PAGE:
October 25 is the release date of the 1926 silent feature So’s Your Old Man (1926) starring W.C. Fields and directed by Gregory La Cava. If you’ve already seen the 1934 talkie You’re Telling Me, then you’ve practically seen So’s Your Old Man — the latter is a remake of the former. The film was based on a story called Mr. Bisbee’s Princess by Julian Leonard Street and revives his famous golf routine, which Fields had devised for sketches in Broadway revues, and had filmed in his 1930 short The Golf Specialist. (To my mind, the vehicle also has more than a little in common with George Kelly’s The Show Off).
In the film, Fields plays a crackpot inventor named Sam Bisbee who has a lot riding on the sale of his latest invention, a shatterproof windshield. In the remake, it is punctureless tires. I’ve always thought this switch is eloquent about the two different kinds of movie, silent vs. talkie. A brick being thrown at a window and the resulting breakage is highly visual: perfect for silent comedy. A tire exploding is highly auditory; great for talkies. (Yes, glass breaking make a great noise, too. But a pop followed by a hiss is probably funnier). When Bisbee’s big presentation to auto executives goes awry, he is ready to call it quits but he is bailed out by a stranger whose life he touched, enabling his daughter to marry into the snobby family of her beau (Buddy Rogers).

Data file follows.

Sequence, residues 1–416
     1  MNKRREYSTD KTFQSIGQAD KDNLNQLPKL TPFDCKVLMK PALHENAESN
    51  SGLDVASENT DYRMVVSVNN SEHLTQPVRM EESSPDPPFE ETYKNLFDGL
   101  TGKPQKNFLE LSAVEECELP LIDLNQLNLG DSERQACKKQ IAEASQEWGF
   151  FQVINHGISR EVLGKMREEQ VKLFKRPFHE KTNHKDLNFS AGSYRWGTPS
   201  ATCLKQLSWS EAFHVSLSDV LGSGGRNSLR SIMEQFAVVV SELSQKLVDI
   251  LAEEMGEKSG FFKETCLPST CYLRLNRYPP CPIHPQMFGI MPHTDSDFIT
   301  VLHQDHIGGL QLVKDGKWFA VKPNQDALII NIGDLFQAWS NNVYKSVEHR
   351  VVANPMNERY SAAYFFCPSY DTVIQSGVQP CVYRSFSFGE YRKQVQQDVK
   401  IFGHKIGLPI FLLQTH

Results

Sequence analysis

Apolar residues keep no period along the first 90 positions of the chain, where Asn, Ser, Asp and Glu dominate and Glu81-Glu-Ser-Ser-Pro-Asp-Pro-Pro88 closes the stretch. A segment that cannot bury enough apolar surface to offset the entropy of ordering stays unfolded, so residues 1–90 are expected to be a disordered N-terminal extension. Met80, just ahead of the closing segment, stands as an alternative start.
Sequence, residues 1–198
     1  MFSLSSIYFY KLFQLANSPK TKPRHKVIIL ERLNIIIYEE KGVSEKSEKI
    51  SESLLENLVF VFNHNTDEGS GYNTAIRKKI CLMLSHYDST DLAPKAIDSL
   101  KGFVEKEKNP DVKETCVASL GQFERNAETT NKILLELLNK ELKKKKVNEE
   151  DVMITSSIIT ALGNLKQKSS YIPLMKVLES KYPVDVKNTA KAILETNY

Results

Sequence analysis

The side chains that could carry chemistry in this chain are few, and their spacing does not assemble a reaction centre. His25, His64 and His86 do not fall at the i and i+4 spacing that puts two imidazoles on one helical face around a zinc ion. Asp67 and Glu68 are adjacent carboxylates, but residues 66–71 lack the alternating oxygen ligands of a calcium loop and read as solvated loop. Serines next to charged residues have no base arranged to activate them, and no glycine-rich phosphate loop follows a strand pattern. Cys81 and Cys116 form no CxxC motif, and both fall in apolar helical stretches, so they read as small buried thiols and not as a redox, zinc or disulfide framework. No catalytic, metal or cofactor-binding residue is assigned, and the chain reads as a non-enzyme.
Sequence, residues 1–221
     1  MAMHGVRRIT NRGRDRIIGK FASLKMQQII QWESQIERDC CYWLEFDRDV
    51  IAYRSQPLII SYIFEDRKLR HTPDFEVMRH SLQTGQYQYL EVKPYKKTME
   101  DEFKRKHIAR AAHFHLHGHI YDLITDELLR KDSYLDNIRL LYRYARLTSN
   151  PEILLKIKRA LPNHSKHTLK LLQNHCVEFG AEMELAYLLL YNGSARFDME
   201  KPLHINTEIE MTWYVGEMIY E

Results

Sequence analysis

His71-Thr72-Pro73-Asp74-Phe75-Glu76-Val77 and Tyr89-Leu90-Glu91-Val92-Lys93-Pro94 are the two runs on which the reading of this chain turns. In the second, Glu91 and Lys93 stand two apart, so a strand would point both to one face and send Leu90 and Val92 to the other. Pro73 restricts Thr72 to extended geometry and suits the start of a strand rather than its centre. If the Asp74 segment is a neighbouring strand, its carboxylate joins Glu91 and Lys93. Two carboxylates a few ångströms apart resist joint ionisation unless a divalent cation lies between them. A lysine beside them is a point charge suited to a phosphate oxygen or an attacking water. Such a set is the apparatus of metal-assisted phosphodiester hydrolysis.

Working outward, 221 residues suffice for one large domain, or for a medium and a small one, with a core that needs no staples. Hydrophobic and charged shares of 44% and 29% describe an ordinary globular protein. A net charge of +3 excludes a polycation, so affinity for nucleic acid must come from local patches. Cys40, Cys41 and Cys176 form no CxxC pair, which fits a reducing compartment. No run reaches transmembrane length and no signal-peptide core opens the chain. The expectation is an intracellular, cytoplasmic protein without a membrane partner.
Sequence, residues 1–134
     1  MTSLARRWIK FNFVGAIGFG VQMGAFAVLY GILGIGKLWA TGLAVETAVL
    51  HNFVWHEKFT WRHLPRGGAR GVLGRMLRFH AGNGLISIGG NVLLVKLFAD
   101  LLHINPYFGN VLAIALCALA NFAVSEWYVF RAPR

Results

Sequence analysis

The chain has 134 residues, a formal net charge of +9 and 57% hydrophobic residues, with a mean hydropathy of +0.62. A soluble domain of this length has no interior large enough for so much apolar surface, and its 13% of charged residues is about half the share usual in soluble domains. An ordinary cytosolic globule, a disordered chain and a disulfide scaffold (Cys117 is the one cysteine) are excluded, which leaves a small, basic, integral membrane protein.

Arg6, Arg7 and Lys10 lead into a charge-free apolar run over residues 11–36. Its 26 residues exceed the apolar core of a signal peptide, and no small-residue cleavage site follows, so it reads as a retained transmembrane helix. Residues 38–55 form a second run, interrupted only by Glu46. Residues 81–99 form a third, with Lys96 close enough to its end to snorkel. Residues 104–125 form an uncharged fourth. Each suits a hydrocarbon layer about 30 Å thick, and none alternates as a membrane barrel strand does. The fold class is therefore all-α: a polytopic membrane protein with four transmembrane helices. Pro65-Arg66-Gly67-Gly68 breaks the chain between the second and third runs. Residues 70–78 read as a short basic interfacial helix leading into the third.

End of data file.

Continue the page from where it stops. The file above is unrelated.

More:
To learn more about comedy film history, including the films of W.C. Fields, please check out my new book: Chain of Fools: Silent Comedy and Its Legacies from Nickelodeons to Youtube, just released by Bear Manor Media, also available from amazon.com etc etc etc.